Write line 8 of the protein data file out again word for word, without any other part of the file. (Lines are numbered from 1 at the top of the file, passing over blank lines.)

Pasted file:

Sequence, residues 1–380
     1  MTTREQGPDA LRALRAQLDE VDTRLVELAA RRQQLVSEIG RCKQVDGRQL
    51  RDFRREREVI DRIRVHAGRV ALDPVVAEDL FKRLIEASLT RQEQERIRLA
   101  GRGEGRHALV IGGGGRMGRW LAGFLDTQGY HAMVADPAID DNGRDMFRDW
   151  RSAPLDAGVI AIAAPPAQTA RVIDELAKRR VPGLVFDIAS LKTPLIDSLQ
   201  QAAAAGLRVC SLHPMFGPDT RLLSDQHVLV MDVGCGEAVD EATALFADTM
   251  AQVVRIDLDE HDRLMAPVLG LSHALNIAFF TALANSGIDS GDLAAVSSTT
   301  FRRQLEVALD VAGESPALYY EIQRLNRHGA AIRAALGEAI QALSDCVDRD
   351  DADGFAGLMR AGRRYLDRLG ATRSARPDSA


   301  FRRQLEVALD VAGESPALYY EIQRLNRHGA AIRAALGEAI QALSDCVDRD